A Guide To Buy-To-Let Mortgages

Making A Success Of Your Second Home Investment

Why not join 2 million British second homeowners and use monthly rental income as a solid investment strategy?

With news that second homes are now worth almost £1 trillion to Brits, there’s an understandable urge for single residence homeowners to branch out and get on the buy-to-let investment ladder. Since 2001, there has been a 50% increase in the value of buy-to-let and overseas investment properties, which was priced at around £610 billion 18 years ago. In response to the increased demand, lenders have produced 15 times as many specialist buy-to-let mortgage products since the turn of the millennium. The following guide will help you understand how to get started in the second home investment world.

How Buy-To-Let Works

Essentially, a buy-to-let property involves you purchasing accommodation with the intention of renting it out to tenants as an investment opportunity. Alternatively, you might have decided to move out of your existing property, but keep it instead of selling it, allowing you to let it out to cover the repayments. In this latter scenario, you’d need to inform the lender and switch mortgage products to the buy-to-let model.

Understanding Buy-To-Let Mortgages

Much like a traditional mortgage, the loan is taken out and secured against a specific property. But as a landlord, you’ll need a good credit history, a solid understanding of property investments and be able to take on the risk of investing. Buy-to-let mortgages usually require you to have a minimum deposit equal to 25% of the offer price of the property you’re purchasing. You can also expect these products to have higher interest rates and fees in comparison to traditional mortgages.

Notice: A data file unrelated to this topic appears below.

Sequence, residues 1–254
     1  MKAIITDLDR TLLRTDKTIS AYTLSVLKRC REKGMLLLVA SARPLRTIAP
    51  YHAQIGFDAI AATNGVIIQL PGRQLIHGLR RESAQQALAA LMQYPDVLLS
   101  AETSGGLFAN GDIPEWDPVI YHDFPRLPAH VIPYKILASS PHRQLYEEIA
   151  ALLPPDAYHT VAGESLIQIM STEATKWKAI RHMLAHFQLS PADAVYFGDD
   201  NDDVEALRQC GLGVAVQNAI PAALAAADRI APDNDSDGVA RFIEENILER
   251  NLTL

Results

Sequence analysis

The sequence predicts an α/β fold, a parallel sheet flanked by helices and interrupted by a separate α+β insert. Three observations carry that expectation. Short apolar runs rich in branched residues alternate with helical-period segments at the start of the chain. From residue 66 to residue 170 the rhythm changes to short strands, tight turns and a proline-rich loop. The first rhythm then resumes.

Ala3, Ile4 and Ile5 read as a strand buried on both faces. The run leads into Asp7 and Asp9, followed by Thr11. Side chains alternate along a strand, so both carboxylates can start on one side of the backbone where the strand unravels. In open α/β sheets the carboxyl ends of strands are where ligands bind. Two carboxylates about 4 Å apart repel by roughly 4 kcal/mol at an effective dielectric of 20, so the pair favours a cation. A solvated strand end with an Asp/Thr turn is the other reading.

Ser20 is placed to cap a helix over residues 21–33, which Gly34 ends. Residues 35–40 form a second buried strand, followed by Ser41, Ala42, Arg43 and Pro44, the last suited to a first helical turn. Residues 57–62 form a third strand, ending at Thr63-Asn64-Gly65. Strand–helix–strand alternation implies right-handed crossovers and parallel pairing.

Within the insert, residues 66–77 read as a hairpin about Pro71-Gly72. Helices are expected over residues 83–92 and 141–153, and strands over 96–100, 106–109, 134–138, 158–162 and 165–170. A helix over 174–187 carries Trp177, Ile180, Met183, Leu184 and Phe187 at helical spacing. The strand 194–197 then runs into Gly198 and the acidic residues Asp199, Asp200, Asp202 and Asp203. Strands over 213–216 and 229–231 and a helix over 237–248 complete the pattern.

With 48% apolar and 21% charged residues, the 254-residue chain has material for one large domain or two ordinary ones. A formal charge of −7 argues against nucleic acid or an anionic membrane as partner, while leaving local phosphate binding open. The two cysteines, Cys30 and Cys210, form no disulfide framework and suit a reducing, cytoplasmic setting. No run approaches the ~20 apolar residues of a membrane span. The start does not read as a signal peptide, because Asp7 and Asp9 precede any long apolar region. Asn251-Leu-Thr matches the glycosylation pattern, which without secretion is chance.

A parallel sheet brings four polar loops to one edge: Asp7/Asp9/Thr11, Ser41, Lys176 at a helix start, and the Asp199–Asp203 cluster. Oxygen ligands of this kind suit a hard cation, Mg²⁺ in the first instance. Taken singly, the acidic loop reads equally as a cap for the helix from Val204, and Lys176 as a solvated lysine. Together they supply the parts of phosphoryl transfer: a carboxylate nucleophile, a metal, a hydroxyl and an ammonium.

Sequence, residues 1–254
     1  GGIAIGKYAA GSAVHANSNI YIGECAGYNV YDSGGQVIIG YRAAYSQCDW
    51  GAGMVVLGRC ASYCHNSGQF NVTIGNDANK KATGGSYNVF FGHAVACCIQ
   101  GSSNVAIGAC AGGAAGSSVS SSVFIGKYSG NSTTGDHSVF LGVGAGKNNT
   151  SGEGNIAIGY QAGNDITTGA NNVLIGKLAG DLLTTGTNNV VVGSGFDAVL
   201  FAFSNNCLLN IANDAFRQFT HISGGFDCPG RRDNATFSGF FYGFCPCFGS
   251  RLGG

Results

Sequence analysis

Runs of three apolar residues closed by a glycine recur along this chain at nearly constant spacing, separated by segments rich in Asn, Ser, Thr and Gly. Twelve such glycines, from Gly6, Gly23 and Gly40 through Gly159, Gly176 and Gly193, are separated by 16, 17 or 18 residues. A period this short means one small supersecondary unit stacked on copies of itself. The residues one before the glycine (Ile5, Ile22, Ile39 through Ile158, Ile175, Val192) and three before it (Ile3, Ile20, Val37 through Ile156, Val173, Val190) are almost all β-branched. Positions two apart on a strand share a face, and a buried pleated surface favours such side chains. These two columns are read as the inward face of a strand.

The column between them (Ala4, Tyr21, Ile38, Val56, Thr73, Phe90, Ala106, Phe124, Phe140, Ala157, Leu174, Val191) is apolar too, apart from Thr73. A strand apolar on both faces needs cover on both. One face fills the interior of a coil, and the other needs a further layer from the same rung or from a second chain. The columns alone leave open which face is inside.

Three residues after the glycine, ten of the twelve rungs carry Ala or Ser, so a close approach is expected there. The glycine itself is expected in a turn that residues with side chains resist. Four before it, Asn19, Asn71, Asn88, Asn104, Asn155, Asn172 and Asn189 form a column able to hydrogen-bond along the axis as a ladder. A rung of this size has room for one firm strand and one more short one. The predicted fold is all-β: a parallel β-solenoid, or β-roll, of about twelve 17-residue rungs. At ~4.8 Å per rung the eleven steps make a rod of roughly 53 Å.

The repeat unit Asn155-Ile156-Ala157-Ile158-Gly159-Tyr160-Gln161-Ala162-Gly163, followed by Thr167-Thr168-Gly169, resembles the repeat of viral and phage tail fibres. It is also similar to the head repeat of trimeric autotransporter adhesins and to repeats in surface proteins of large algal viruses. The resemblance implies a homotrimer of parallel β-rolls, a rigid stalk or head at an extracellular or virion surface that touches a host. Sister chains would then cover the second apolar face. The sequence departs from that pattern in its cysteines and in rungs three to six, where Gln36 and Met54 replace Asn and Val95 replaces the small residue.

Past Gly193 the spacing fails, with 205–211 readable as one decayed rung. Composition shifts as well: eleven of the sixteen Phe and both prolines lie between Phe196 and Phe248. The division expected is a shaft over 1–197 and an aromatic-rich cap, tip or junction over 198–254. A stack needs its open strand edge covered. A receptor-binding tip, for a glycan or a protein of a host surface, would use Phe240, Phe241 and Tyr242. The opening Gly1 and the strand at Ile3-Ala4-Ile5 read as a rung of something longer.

What Will Lenders Look At?

Lenders are required to assess any loan applications on the basis of whether they represent a risk to them – so, buy-to-let applicants should have a strong credit history. It’s also important to demonstrate how you’ll be able to keep monthly repayments up if there is a break in rental income, for example if one tenancy term comes to an end, and you struggle to find new tenants to move in. As a result, most buy-to-let products aren’t available to applicants who earn less than £25,000 per annum. However, age can also be a factor, with an upper age limit in place which is typically between 70-75 years old. This means that if you’re 45 and you take out a 25 year buy-to-let mortgage, then the term would end when you’re 70 years old – most lenders won’t go much beyond this age.

Interest Or Repayment

Many buy-to-let mortgages are taken out on an interest-only basis, and a remortgage brokers Wirral team explains that you’ll be required to pay back the amount borrowed in a lump sum at the end of the term. This allows you to maximise your monthly return, with the assumption that the property will be worth far more than you initially paid for it at the end of your mortgage buy-to-let term. However, opting for a repayment mortgage allows you to pay back some of the capital each month and safeguards against any dips in the property market.

Navigating the world of buy-to-let mortgages can be complex for newcomers to the market, and one of the main questions that potential buyers have surrounds the topic of affordability. A professional mortgage advisor will analyse your individual circumstances and find an ideal buy-to-let product for you.